But–and I want to be really clear on this point–the work involved in overcoming self-hatred is still worth it.  Had I not discovered that I hated myself some time ago, and started to take the steps to turn that around, I wouldn't be where I am today.  And where I am today is a far cry better than where I was before, when I bought into all the bullshit about what other people thought about me, and when I allowed what other people thought about me to affect how I felt about myself.

All I'm saying is this:  I'm not sure the work to overcome self-hatred ever ends.  You will need to be  continuously vigilant to fight against what other people think of you, and, sadly, what you end up thinking about yourself as a result.  It's a constant struggle, but it's definitely worth your time and effort.  Doing the work will change the course of your life for the better.  You have to believe me when I say that.  And I know for a fact most other gay people would say the same thing. 

Okay, so let's take a look at the first part of your question.

What turned the tides for me (as you put it), in terms of starting to let go of my self-hatred, was so simple when it happened that it scared me.  It prompted me to think, if it really is this simple, why did it take me so long to get it?  And, almost immediately, it began to lift the heavy weight I'd been carrying around for the better part of my life.   

While I've written a dedicated blog post on this very subject, I'll try to summarize it here:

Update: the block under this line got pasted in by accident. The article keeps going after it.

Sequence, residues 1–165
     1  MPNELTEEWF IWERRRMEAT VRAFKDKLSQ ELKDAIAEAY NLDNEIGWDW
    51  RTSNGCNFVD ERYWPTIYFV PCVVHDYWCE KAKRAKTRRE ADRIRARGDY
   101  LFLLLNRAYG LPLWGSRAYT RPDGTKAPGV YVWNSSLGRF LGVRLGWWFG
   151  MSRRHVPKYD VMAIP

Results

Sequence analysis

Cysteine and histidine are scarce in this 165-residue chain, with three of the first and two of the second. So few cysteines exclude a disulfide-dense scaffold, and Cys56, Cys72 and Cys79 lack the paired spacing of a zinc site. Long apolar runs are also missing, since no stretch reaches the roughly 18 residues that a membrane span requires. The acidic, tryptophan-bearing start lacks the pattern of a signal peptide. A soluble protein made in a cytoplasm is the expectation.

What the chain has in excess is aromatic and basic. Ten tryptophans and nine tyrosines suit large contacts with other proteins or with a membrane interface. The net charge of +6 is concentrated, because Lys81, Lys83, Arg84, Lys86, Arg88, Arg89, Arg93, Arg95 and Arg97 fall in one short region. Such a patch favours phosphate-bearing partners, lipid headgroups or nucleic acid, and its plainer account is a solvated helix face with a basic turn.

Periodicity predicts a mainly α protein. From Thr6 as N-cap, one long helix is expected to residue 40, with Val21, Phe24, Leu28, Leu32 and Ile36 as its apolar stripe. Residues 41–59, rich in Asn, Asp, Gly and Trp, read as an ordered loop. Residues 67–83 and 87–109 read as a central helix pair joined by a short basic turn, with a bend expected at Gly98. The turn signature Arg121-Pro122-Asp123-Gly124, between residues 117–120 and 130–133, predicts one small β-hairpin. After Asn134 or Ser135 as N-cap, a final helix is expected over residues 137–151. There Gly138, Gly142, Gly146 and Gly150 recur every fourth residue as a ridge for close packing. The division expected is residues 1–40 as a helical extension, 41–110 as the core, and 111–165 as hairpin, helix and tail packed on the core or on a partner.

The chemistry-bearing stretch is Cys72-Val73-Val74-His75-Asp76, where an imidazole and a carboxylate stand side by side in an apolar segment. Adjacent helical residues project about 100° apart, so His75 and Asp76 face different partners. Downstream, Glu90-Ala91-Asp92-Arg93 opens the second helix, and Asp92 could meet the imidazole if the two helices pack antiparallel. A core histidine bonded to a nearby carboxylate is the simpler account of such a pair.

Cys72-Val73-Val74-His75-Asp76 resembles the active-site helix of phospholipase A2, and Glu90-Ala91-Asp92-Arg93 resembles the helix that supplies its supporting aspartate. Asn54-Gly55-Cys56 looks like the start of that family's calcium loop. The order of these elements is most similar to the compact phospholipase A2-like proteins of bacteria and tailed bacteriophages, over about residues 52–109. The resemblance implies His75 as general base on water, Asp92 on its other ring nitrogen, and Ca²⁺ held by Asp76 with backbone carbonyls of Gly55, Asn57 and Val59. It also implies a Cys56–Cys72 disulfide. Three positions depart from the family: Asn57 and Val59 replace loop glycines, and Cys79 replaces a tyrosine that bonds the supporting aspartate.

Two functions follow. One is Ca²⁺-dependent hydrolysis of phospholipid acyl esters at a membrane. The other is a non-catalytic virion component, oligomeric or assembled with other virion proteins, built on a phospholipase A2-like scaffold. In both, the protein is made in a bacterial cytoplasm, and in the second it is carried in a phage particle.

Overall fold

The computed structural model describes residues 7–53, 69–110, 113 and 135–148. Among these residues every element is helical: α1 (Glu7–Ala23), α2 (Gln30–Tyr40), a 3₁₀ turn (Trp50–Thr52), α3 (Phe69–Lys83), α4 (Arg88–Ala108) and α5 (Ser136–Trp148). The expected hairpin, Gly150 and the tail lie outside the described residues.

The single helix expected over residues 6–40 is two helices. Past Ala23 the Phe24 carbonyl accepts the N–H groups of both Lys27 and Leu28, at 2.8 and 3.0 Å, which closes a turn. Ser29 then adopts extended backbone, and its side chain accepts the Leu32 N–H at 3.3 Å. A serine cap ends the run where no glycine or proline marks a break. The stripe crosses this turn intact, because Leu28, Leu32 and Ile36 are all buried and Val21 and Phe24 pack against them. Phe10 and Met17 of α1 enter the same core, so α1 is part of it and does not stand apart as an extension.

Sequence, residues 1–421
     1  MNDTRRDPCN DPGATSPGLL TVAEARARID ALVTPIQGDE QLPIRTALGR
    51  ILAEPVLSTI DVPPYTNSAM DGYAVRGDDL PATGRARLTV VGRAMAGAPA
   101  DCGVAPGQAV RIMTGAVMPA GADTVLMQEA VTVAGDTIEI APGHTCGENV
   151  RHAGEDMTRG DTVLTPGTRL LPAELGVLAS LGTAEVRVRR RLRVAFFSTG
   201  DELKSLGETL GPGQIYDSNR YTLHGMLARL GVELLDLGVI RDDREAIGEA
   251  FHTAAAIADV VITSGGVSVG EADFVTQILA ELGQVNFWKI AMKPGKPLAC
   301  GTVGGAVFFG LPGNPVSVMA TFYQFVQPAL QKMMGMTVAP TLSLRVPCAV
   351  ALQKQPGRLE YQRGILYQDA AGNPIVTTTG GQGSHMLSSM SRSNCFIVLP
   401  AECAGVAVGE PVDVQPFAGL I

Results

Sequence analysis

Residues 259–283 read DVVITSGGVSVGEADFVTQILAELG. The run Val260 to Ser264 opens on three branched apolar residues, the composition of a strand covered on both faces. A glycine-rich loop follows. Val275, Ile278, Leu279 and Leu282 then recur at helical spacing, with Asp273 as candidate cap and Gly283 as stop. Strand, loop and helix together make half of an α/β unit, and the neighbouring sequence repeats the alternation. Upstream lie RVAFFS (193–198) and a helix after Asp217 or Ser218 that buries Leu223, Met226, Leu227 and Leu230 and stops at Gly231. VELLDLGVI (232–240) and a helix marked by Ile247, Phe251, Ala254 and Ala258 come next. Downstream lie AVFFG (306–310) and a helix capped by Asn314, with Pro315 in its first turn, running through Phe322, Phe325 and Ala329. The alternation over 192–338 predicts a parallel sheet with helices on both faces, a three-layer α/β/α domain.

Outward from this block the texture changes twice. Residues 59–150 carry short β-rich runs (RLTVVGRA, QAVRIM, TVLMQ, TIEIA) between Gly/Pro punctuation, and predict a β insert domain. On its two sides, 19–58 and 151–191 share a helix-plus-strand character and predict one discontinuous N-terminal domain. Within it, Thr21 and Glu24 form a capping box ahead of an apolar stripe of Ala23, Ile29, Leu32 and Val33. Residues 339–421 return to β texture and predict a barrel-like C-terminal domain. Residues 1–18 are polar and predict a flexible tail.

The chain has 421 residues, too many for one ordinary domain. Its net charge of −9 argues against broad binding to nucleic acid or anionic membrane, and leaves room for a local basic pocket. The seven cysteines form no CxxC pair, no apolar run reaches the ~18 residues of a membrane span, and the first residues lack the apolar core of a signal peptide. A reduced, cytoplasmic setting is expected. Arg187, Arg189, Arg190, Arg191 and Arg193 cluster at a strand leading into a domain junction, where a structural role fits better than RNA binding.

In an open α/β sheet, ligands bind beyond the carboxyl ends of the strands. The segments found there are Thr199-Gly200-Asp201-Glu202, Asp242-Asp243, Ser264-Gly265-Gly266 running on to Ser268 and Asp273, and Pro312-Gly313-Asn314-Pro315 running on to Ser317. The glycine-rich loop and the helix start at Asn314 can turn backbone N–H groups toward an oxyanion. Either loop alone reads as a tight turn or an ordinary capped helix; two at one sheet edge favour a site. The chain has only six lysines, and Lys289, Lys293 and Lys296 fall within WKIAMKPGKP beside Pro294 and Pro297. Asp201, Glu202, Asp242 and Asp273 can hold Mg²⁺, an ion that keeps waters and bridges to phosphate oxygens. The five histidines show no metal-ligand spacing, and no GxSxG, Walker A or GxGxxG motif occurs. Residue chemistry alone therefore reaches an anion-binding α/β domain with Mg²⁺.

I remember it was the early 1990s, and I was walking home one day.  Out of nowhere came an epiphany, and the epiphany was this:  Almost all of us, gay or straight, feel some form of self-hatred.  Usually, the self-hatred we feel is the result of the way we're different from other people, and how some people judge us because of how we're different. 

It doesn't matter how you're different.  Whether you're Asian, or female, or black, or overweight, or Jewish, or gay, or what have you, someone out there doesn't like you for some stereotypical reason associated with what you are and not who you are (because they don't know you as a human being; they haven't given themselves the chance to find out about you in your amazing and wonderful complexity). 

What struck me when I realized this was, I didn't look at these people who were judged in the same way at all.  In most cases, I thought they were beautiful and incredible human beings, and I didn't believe for a moment they should hate themselves for any reason whatsoever.  In other words, perhaps because I knew I'd been judged unfairly in the past, I didn't see them in the same way as those who judged them did, and I didn't treat them like some stereotype.